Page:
External Review into Sexual Misconduct and Sexual Harassment in the Canadian Armed Forces - Processes and Procedures

Marie Deschamps, C.C. Ad.E.

External Review Authority

March 27, 2015

7. Processes and Procedures

Except where sexual harassment rises to the level of criminal conduct, sexual harassment and sexual assault are treated as distinct and unrelated conduct. In the ERA’s view, this strict dichotomy is misplaced and risks allowing some improper sexual conduct to go unpunished, particularly low-level sexual assaults. Moreover, the consultations raised a number of serious concerns with respect to whether the procedures currently in place are appropriate and effective.

7.1 Sexual Harassment

7.1.1 Current Practices

The practices and procedures for receiving, investigating and adjudicating a complaint of sexual harassment are set out in a number of different policy documents within the CAF. As noted, DAOD 5012-0 regulates four different types of harassment: personal harassment, abuse of power, sexual harassment, and racism. While the DAOD establishes the broad parameters of the policy—including the delegation of authority to certain individuals to receive, investigate and adjudicate complaints of harassment—more detailed instructions are provided in the Harassment Prevention and Resolution Guidelines (Guidelines). These Guidelines are intended to provide procedural guidance in support of the Harassment Prevention and Resolution Policy.213 They are issued under the authority of the CDS and have the same compulsory force as the DAOD 5012-0.214 Both DAOD 5012-0 and the Guidelines flow “directly from and are consistent with the Treasury Board of Canada Secretariat Policy on the Prevention and Resolution of Harassment in the Workplace”.215

As set out in DAOD 5012-0 and in the Guidelines,216 COs and other more senior officers may be assigned the responsibility to adjudicate harassment complaints and, in such circumstances, are referred to as ROs. ROs have decision-making authority under the DAOD and the Guidelines. They receive specific instructions from the CDS to discharge their duties.217 Guidance is also provided to Harassment Advisors (HAs),218 whose role includes advising ROs with respect to processing a complaint of harassment. HAs are designated by COs and will generally be members of a unit who have either volunteered, or been requested, to serve in this role.

The Harassment Advisor Reference Manual identifies two broad approaches to resolving harassment complaints: (1) alternate dispute resolution (ADR), which is “encouraged”;219 and (2) administrative investigation. Generally speaking, complainants are strongly encouraged to pursue ADR (either through informal ADR techniques used by those in the chain in command, or with the assistance of a third party mediator) before laying a formal complaint and requesting an administrative investigation. In either case, the Harassment Advisor Manual establishes that one of the guiding principles for the RO is to attempt to resolve the problem at the lowest possible level utilizing ADR techniques:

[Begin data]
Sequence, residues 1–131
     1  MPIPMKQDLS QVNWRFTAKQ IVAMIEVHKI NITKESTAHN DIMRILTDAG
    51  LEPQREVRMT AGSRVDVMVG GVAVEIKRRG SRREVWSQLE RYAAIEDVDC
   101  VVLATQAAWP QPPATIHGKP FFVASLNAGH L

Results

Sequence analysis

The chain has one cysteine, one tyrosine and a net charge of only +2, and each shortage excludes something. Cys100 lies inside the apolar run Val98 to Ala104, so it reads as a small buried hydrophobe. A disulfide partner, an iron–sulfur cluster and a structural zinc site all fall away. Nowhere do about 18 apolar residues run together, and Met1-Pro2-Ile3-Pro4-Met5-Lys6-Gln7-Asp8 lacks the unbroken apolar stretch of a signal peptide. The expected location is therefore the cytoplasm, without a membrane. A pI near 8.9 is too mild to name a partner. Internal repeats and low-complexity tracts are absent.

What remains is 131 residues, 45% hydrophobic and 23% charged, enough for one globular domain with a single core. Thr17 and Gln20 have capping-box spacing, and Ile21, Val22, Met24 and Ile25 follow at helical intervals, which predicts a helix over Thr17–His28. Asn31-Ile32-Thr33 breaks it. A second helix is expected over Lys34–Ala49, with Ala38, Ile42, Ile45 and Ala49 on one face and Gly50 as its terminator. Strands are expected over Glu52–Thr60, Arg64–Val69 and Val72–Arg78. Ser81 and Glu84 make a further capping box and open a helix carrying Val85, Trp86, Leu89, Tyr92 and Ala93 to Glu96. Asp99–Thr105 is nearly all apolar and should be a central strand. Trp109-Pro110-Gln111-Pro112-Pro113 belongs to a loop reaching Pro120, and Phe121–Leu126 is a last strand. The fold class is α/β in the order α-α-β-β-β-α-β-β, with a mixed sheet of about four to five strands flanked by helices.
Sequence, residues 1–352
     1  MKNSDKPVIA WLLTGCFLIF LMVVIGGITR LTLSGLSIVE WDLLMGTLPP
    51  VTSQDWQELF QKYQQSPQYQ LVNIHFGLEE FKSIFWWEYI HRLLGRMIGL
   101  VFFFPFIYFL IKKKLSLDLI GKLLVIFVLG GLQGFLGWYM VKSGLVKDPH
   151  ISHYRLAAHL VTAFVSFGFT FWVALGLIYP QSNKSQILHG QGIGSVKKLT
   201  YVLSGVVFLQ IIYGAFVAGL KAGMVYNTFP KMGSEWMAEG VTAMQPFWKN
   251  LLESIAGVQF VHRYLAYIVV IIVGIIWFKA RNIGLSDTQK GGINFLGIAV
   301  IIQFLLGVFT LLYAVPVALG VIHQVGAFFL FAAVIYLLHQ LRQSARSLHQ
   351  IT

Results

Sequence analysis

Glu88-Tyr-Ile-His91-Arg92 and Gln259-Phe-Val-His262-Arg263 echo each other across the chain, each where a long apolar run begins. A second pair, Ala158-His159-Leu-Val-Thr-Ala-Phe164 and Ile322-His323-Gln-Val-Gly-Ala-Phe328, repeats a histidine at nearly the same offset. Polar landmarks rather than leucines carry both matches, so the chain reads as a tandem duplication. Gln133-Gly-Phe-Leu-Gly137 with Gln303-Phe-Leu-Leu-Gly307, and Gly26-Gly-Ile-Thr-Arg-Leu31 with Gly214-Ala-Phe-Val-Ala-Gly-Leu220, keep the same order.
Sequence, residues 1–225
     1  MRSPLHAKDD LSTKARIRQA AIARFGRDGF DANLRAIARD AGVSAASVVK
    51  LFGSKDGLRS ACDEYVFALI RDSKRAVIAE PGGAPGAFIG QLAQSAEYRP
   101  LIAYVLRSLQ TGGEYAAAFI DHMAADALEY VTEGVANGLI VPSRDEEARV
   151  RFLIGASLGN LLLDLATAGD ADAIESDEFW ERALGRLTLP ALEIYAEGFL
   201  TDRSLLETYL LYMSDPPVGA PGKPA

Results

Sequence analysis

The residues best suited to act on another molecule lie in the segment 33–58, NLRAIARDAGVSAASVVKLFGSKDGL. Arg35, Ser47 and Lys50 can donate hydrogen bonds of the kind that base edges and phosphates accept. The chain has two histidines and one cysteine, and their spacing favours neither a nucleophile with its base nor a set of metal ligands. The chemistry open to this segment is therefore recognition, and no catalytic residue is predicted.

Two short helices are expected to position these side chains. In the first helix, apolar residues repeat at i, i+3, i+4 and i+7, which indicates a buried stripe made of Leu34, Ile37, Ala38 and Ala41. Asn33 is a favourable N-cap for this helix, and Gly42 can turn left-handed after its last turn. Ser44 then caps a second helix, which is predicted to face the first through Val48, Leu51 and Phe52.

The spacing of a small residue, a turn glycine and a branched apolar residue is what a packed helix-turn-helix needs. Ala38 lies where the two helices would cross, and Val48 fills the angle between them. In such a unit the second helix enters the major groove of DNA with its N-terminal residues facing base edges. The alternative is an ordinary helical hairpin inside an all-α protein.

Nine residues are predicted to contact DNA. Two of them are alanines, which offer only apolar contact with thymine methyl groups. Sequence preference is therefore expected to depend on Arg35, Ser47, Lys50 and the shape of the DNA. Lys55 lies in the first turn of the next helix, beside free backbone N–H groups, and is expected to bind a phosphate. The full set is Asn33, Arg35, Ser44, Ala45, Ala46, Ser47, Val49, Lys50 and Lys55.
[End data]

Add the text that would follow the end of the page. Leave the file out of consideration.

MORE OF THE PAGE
• When harassment has occurred and/or a harassment complaint has been submitted, DND employees and CAF members are encouraged to resolve harassment issues at the most appropriate, lowest possible level, through alternative dispute resolution techniques.220

This focus on low-level resolution and ADR is also reiterated in the RO Guide.221

Given these procedural requirements, before a harassment complaint is fully resolved, a harassment victim may be required to go through three separate stages. The first stage (ADR)222 takes place after the victim reports the improper conduct but before a formal complaint is lodged, the second stage (the Administrative Investigation) 223 is initiated once a complaint is filed, and the third stage (a grievance)224 occurs if a party seeks to challenge the RO’s decision on the complaint.

With respect to the first stage, although it is not mandatory, the CAF strongly encourages its members to start by using so-called “self-help” techniques whereby the concerned individual should first speak directly to the instigator of the unwelcome conduct.225 If this is not possible, the victim can ask for supervisor intervention. If the immediate supervisor cannot help, or if the supervisor is a party to the incident, the victim may turn to a higher-level supervisor to seek his or her intervention. This approach is part of the CAF’s “open door” policy. 226 If recourse to the chain of command does not produce adequate results, or if it is not appropriate, the member may be offered formal ADR with the help of a third party mediator.227